Tuesday, July 07, 2009

Starting the Year with Inquiry

In June, I had the privilege of working with teachers in my father's home town of Lexington, TN. They were a privilege to work with as they were trying to wrap their heads around all of the issues involved in getting started with inquiry. Toward the end of the day, I walked them through the key issues involved with starting the school year off with inquiry, and since this topic has been on my mind, I snapped some pictures of the white board with my iPhone, and I wanted to post the discussion here.

We were focusing on their potential use of FOSS kits, and of course, we had to talk about how to prep before the year starts. The image shows several of the items that we came up with. They seemed a little overwhelmed with the list, but as I drove home I realized that any teachers has to do some sort of unpacking and poking around in a new curriculum. Inquiry adds the dimension, though, of materials management and the need to work through labs. I focused them on doing this for the first kit only, though. For any teacher, I would think they'd only want to look at the first unit of instruction, reserving prep on the later units (or kits) for after the first one is finished. You learn so much while you teach your first inquiry-based unit that I'm afraid that prepping the other units before the school year starts might be a waste of time.

We then focused a lot on the first days of instruction. The image talks about the first day, but really these are issues to be addressed during the first week. A lot of key issues need to be addressed in the first weeks as teachers help their students learn how to learn in an inquiry-centered classroom. The more we talked about all of these issues, the more I began to realize again how important training is for the students. They really often don't know how to work during inquiry, and one of my key mistakes at Spain Park High was not guiding my students well at the beginning of the school year. Instead, I just through them in and expected them to be able to learn. They were really frustrated!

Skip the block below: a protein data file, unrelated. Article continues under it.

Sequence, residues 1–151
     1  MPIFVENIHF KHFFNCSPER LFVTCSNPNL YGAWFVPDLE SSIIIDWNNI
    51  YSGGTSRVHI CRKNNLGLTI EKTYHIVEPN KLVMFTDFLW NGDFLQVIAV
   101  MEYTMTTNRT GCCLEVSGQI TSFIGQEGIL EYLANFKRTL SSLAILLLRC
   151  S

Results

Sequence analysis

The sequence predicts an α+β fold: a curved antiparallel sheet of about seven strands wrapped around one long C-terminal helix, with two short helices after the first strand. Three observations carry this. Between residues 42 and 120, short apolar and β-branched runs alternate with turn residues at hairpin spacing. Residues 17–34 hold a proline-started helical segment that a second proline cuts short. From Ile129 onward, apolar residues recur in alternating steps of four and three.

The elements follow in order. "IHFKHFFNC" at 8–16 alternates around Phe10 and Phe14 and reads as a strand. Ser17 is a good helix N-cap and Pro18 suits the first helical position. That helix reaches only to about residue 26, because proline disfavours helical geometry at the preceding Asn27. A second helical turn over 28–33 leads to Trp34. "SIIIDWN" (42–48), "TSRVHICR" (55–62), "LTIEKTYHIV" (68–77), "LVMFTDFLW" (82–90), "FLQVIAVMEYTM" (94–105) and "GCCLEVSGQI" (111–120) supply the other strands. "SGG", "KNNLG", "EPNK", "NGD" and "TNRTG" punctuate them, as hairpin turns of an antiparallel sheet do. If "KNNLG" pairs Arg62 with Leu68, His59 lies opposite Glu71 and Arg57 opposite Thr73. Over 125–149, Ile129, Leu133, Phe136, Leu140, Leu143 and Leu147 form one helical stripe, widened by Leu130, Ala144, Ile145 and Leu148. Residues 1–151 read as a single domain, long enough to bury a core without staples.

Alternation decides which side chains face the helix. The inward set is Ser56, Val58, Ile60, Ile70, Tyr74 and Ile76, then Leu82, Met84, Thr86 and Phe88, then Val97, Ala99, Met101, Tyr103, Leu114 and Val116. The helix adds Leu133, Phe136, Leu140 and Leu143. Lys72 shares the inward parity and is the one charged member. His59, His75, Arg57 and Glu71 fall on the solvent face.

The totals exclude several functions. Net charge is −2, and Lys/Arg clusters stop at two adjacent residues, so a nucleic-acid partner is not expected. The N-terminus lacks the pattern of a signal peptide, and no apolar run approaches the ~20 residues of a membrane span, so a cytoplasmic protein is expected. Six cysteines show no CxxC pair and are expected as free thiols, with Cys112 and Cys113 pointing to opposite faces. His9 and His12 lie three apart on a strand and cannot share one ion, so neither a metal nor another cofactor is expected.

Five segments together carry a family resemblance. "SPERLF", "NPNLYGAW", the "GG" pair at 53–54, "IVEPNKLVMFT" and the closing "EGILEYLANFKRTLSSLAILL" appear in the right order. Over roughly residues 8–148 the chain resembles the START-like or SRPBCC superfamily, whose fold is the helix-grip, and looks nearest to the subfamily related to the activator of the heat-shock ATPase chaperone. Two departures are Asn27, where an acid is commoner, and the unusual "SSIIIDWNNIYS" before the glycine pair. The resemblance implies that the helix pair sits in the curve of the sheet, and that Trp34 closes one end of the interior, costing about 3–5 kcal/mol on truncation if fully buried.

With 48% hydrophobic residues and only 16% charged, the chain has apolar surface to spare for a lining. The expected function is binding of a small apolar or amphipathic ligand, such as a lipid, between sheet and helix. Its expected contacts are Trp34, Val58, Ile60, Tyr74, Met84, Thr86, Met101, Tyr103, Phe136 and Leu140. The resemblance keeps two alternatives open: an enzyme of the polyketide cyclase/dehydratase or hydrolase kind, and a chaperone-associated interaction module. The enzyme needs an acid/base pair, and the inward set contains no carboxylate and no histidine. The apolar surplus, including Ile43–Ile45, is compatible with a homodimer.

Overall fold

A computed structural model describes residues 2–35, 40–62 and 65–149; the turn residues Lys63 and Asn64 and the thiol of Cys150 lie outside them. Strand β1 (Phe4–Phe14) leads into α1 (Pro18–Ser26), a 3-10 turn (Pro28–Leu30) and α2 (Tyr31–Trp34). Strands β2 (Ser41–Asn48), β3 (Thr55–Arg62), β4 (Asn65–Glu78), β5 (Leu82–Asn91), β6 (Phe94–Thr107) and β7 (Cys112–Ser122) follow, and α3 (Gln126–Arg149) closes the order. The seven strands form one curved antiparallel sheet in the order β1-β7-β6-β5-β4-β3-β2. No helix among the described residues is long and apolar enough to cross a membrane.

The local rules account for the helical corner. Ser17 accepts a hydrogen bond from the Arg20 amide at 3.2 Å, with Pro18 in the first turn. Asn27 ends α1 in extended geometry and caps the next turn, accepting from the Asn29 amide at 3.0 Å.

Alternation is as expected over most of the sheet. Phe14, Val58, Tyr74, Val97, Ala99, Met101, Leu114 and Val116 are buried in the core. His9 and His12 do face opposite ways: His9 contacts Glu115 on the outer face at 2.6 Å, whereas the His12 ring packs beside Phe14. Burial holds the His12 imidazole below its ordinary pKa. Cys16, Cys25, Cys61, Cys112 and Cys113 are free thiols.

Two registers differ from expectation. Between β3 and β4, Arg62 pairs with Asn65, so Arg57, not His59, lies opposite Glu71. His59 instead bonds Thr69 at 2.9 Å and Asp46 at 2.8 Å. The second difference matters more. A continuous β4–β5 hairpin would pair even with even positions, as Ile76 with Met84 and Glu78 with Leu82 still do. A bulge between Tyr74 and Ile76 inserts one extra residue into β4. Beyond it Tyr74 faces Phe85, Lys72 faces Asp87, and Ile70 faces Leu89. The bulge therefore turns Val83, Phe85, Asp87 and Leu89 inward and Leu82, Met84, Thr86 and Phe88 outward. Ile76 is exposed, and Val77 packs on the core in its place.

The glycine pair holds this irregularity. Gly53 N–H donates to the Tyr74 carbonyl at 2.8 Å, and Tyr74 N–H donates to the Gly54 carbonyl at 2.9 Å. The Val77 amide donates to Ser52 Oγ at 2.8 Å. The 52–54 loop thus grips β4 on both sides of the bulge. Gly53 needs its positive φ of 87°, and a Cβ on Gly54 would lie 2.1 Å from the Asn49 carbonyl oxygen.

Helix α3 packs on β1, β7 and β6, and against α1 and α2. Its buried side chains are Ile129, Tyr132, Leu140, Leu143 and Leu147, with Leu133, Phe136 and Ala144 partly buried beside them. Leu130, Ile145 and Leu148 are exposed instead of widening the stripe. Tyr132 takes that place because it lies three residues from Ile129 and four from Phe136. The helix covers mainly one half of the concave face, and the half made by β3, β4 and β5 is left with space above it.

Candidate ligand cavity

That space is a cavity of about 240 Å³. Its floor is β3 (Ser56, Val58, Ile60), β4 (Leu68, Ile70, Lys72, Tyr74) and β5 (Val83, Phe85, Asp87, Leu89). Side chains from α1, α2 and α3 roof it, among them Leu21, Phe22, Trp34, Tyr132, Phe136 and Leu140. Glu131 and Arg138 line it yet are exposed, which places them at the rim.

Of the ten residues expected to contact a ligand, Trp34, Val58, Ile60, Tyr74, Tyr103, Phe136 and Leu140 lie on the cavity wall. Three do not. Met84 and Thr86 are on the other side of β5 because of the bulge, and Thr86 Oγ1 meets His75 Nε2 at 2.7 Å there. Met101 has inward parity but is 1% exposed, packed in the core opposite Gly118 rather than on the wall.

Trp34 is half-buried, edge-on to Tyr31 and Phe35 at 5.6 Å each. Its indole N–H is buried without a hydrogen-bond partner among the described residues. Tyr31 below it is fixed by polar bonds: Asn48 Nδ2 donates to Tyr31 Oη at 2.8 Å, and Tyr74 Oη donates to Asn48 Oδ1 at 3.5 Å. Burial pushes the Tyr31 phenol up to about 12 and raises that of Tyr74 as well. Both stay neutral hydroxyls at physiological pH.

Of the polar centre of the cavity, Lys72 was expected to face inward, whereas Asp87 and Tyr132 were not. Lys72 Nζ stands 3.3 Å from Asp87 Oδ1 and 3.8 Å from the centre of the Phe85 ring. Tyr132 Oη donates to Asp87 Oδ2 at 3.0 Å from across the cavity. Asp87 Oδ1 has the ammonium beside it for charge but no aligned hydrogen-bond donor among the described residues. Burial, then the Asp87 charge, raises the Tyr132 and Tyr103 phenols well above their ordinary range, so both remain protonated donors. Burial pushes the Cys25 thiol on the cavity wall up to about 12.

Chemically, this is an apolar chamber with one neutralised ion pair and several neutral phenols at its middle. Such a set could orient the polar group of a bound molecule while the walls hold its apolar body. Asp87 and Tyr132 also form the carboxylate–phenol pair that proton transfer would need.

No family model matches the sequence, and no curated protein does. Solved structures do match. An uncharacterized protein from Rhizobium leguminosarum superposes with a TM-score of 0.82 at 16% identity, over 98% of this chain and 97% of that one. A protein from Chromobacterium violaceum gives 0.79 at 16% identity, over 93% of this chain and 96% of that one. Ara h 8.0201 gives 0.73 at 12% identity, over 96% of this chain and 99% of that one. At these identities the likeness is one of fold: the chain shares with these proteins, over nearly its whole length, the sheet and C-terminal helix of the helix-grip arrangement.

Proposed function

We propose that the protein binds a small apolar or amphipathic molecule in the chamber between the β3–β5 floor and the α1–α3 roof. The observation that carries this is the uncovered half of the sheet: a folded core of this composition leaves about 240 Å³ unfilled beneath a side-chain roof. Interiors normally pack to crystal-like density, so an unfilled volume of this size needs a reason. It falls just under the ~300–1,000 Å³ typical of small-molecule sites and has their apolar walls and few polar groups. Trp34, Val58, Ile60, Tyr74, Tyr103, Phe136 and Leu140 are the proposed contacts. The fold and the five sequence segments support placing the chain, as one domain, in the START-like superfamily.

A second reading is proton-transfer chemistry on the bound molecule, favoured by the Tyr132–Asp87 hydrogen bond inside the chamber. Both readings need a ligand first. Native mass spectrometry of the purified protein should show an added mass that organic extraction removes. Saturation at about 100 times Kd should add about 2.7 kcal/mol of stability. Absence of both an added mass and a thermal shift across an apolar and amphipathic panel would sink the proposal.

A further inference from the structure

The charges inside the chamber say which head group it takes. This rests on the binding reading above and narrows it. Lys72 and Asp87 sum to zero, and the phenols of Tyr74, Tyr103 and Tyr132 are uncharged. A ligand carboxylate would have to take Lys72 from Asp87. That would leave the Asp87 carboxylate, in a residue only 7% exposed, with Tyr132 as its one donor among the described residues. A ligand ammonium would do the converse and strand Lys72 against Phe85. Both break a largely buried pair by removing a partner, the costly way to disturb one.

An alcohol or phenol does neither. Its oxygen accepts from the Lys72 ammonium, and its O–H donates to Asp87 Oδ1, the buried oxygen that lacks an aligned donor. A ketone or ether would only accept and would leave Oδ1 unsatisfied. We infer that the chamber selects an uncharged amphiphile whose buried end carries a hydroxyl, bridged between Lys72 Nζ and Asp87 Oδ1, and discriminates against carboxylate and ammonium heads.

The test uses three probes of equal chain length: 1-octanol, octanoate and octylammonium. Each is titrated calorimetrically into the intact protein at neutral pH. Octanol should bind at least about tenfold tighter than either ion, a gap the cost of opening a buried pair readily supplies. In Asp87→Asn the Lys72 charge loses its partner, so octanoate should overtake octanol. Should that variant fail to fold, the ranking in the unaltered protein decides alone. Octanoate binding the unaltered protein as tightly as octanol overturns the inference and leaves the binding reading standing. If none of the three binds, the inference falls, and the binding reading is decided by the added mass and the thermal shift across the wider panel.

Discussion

We then talked about what happens in the next 3 weeks of inquiry. The kids have gotten started, but they still need a lot of training if they're going to be get off to a good start as they head into a year of learning from inquiry. That's what the "requires time" note in brown marker at the top indicates. Teachers need to take the time to continue training students in the key aspects of inquiry, and at times, this will feel like time away from teaching the actual content. Think of it as an investments, though. The time you invest at this point in training the students will be returned back to you richly as your students know how to learn in later months and are not frustrated, confused, or disengaged.

The rest of the first kit or unit continues with the teachers holding students to their expectations, as indicated in the image above. As this unit wraps up, the students should know your expectations and how to function correctly in the classroom. You also have the other systems that support inquiry functioning, especially materials management and assessment. By the end of the first unit, the classroom should be in order.

Now, you've finished the first unit (or kit). As the image shows, one of the key things you need to do is to breathe! Youv'e learned a lot about teaching by inquiry, and your students have learned a lot about being inquiry students. Everyone is probably a little weary of all the change! Don't be afraid to take a few class days off from inquiry before going into the next unit. This is a good time to address any standards that you know you won't cover in your inquiry-centered curriculum doesn't cover. It's also a good time to retrain or reteach students on your expectations so that they're crystal clear as you go into your next unit.

The final issue is areas to focus on while teaching the second unit. The image gives several, including having students working in new groups. The key issue to me is improving student understanding of the science itself. Don't let all of the action and process of inquiry steal focus from students actually building strong, deep content knowledge. Also, don't forget to keep communicating with parents. Throughout your start-up of inquiry, keeping clear communication lines open with them will help them understand what's going on in your science class and how it truly is a benefit to their children.


Luann said...

I'm passing this on to my department and also the MS and elementary buildings. I start the year with in inquiry hook and investigation. It's a great foundation for students to build the year's other investigations. Thanks.

Lee said...

Great, Luann. I'm glad you found it useful. Keep watching here and on Twitter. I hope to be passing on more useful help.

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